The playful Badjao kids of Zamboanga will jump overboard and retrieve the coins you throw at sea with remarkable agility and ease in a matter of seconds, earning the nickname “sea gypsies” for a reason.
“But I, being poor, have only my dreams; I have spread my dreams under your feet; Tread softly because you tread on my dreams.” ~ William Butler Yeats
This Badjao baby caught my eye as I walked carefully on wooden planks stretched across the waters within a cluster of houses built tightly and interconnected by footpaths. The family welcomed me into their community, even though I was a stranger in their eyes, just passing by to document their unique way of life. I took note of their smiling faces, houses on stilts, and their floating boats as vehicles.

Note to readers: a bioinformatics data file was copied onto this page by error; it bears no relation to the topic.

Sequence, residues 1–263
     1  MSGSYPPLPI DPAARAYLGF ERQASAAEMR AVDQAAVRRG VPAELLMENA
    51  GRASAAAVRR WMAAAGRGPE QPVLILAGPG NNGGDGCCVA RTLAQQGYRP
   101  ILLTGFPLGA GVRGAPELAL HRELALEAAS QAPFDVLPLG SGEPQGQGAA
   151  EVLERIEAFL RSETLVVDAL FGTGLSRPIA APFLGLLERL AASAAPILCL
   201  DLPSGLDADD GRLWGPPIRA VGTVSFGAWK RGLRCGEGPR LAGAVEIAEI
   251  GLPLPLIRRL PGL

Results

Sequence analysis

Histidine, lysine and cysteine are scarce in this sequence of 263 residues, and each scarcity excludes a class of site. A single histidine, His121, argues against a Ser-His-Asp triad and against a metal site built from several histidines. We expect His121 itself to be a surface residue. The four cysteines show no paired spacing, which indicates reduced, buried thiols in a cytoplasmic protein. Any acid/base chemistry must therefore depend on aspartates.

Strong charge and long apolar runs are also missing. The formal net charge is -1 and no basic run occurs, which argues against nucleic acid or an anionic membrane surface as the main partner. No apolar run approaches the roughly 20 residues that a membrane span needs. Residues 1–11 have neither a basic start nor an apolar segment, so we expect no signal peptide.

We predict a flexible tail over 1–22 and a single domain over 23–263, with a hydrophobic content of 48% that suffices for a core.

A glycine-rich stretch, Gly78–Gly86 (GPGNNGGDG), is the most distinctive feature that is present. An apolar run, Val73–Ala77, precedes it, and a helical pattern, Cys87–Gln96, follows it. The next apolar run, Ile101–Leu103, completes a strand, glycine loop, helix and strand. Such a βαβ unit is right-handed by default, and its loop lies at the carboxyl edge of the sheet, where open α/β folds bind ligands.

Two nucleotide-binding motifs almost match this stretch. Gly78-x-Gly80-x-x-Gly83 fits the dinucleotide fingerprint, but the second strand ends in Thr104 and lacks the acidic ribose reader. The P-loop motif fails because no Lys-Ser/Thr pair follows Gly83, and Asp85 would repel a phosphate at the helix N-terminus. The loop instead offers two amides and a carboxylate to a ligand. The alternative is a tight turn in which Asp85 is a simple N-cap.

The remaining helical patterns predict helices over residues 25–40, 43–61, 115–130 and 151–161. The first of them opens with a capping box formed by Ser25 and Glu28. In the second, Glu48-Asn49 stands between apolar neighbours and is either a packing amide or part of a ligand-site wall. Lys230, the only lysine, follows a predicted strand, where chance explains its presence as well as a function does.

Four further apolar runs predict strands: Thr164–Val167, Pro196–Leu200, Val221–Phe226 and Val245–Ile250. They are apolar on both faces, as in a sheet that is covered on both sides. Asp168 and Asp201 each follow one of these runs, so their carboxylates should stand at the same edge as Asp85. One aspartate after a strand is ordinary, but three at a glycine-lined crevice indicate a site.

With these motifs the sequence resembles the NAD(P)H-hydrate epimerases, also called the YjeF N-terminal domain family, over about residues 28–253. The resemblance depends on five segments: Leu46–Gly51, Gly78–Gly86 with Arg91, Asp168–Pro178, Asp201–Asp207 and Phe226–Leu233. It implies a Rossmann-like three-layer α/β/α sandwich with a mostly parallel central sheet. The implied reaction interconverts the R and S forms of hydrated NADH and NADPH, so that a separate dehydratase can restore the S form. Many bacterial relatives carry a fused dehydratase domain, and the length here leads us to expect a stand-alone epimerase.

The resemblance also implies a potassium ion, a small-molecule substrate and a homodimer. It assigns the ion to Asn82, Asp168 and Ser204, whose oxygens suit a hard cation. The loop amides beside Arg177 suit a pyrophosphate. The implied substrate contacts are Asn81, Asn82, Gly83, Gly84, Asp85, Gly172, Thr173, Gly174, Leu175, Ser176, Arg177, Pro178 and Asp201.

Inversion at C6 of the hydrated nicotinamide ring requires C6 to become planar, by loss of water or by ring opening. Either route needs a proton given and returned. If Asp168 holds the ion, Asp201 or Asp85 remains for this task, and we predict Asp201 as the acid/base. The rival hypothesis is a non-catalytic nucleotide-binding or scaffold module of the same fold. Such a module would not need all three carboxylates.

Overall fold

An island province in the southwestern tip of the Philippines, Tawi-Tawi is home to the Badjaos, indigenous ethnic groups referred to as “sea gypsies” who inhabit the shores and waters of the Sulu archipelago.